To the Moon Play-Along – Minisodes

I honestly had no idea of what to expect of the Minisodes. All I knew going in is what I heard from others, that it would give us a peek at Sigmund Corporation. It not only did that but it was certainly an interesting peek for a lot reasons.

If you just stumbled here and have no idea what this post is about then here is the deal: this Play-Along project is like a book club except for video-games. It is being hosted by Naithin of Time to Loot and you can find more information as well as a link to all the participants here.

With that said, let’s get to the questions!

WARNING: Spoilers ahead for the minisodes of To the Moon. Proceed at your own risk!

1. Protesters. Perhaps not too surprising to find they exist in this world. Many of us were not entirely comfortable with the concept of what Sigmund Corp does. What did you think about getting a look behind the curtain as it were, and seeing some of the responses of the employees?

I felt bad for the employees of Sigmund Corp. Yes, I was one of the people who didn’t like much the idea of this kind of technology (well, maybe a little less now) but I really felt like all the doctors there really believe that what they are doing is a good thing for their clients.

For them there isn’t really a moral dilemma, they bring some joy to the last moments of someone that is about to die and that is it. Seeing from that angle it isn’t something inherently bad.

Of course, we probably could keep going a lengthy discussion about the ethical applications of their work. But for them it is just a job by now.

2. For how short these two (aptly named) Minisodes were — we were given a LOT to wonder about, from Ghost Eva on the road, to Neil’s mum or dad on the phone, to what on earth he was doing with the memory unit in his office to… whatever it was that happened post-credits. So, yeah… My extended version of the ‘WTF?’ question is: What do you think is happening? Speculate wildly!

I think it is finally time for some Conspiracy Theories! *adjusts tinfoil hat*

My guess about how the machines work is that they have a lot of built-in mechanisms so that it is used *only* on those who are near death. It is probably the only reason that they are even allowed to exist and for the Sigmund Corporation do its business.

If you would try to use someone who is healthy, or at least, their body not giving signs that they will die soon then the machine wouldn’t allow memory changes at all. It would be only a very fancy VR helmet.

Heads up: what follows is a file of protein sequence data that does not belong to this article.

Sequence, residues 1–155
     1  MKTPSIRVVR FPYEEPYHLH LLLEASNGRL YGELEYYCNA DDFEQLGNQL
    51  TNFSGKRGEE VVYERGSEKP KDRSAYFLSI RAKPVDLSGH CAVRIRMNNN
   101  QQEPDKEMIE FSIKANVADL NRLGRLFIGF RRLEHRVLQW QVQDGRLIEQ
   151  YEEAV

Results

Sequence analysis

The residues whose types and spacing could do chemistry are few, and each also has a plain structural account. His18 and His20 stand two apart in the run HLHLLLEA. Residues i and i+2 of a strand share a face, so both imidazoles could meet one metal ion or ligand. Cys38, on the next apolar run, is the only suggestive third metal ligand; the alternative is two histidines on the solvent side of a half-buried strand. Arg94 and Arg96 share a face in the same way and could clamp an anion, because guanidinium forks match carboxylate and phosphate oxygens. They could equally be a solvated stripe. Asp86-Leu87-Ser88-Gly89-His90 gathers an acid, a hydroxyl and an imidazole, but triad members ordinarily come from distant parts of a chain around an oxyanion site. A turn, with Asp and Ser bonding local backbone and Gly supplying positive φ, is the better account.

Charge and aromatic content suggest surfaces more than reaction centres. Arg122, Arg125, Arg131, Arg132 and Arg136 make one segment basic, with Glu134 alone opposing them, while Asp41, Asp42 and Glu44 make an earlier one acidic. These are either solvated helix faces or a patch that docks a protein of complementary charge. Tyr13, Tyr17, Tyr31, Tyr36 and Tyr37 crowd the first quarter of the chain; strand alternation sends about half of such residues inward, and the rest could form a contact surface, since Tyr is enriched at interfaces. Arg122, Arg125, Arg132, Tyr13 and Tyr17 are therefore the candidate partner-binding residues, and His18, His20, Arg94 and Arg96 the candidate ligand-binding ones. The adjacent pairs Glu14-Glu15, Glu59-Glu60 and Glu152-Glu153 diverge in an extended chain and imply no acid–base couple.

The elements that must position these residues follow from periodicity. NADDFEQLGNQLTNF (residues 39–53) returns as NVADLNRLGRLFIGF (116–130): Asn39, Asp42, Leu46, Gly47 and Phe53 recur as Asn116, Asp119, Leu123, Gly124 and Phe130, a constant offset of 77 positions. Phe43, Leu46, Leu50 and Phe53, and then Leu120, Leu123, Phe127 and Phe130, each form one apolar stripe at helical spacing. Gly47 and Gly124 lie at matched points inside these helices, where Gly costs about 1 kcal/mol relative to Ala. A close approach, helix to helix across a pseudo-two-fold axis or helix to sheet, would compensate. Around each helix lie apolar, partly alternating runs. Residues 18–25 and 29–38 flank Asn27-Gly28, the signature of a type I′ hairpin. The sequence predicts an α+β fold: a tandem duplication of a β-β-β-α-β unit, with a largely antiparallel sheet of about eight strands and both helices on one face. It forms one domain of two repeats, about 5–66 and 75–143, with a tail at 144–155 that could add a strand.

What Neil was trying to do was to bypass all those mechanisms so he could change his memories. My guess is he has some deep guilty about something he did to his parents that he wish he could either forget or change his memory of what exactly happened so he could forgive himself.

Unfortunately his attempts are already changing his memories. Just not in the way he wants or that he would have noticed.

Now that I think about it I wonder if that is what he was taking the painkillers at the end of To the Moon. Maybe headaches are a side-effect of his tinkering with the machine.

Eva may have been trying to do the same for her own ends and going by the post-credit scene has largely succeeded. But even her attempt has left some bugs on the system like “Ghost Eva”.

Why she would want to do use the device on herself? I don’t know. Maybe she lost her sister. Or maybe she just wants to be relive some good times as a way to deal with stress. There is an infinite amount of possibilities here but the game didn’t give any hint to that. Only that scene where she was obviously using it and I couldn’t see much of the background, but I believe it was in her house? At least I think I saw her wearing casual clothes and with a glass of wine in one hand.

Which also raises the question of how she was able to sneak out a machine outside of the Sigmund Corp building as I imagine there would be a ton of security details involved with it.

Now I wish I had recorded it so I could check that scene again. Maybe I will look for a YouTube video later.

Leave a Reply

This site uses Akismet to reduce spam. Learn how your comment data is processed.

%d bloggers like this: